I am a Millennial, born in the early 90s, which makes me probably one of the last generations to have experienced life before digitalisation took over. Maybe I was too young to be afraid of the millennium bug, but as a kid, using the internet meant monopolising my home’s landline. Digital technologies, once a premium item for few, are today embedded in all aspects of our lives and have brought significant changes and improvements to the way we live and operate. Across the many fields of digital innovation, artificial intelligence (AI) has been the most mysterious and perhaps misunderstood: not just an inspiration for fantasy novels, but a game-changer in information processing, used today mostly in search engines, autonomous vehicles, facial recognition, virtual assistants, and automatic language translation.
Ever since the two letters were first put alongside in the 1950s, AI has seen lovers and haters; those who think robots are going to revolt and destroy mankind and those who think AI is just a cool nickname for using a calculator. The reality is (as always) more boring and way simpler: artificial intelligence is simply a discipline across mathematics, statistics, and information technology that seeks to mimic human cognitive skills within a computer. These skills include learning, processing, perceiving, rationality, and logic.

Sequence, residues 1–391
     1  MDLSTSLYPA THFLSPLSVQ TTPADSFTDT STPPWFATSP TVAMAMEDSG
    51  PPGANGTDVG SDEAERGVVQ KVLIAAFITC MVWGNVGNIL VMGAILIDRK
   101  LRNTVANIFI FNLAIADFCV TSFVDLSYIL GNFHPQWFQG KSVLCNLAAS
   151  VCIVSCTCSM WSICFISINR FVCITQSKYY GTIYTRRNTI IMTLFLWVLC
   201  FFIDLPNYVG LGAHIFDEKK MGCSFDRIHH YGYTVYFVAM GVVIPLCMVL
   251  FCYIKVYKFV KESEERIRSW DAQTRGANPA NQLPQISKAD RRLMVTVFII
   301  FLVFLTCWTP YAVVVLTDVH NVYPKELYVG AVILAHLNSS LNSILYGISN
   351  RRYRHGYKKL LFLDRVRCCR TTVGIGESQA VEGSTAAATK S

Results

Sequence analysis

The investment industry has been trying to take advantage of AI to provide better services, from a customer relation perspective to user experience, or from investment strategies to risk management. In particular, we have been exploring what benefits an AI interface can bring to an investment strategy, especially when integrating digital and analogic, quantitative and qualitative, machine and human brain. A well-trained machine can analyse large datasets and discover new information, change, and adapt to fast-changing dynamics, compensate for human cognitive biases (hindsight, hedging, anchoring, confirmation bias etc.) and for human weaknesses (the struggles with complexity), with immediate application in security selection, asset allocation and research, more generally.
We still have question marks, but the more we learn about it, the more we see the strengths and weaknesses of incorporating artificial intelligence within an investment process. Naturally, there are also some myths and untruths to put right. AI is not always right, especially when the input data is “trash”, or problems are ill-defined; AI is not a black box, or at least no more than a person’s mind; AI is not just a fancy name for a quantitative strategy, as the latter is a human-driven, human-defined set of rules while the former is only a human-supervised autonomous process; and AI will definitely not solve all your problems, as that would be called “magic”.
As an investment manager, we need to keep exploring the extent to which artificial intelligence can enhance our existing investment research capabilities. We need to operate closer to the frontiers of where technology is going. Unless we can tap into that and adopt a more flexible approach to technology, we will lose out as an industry. We risk becoming dinosaurs.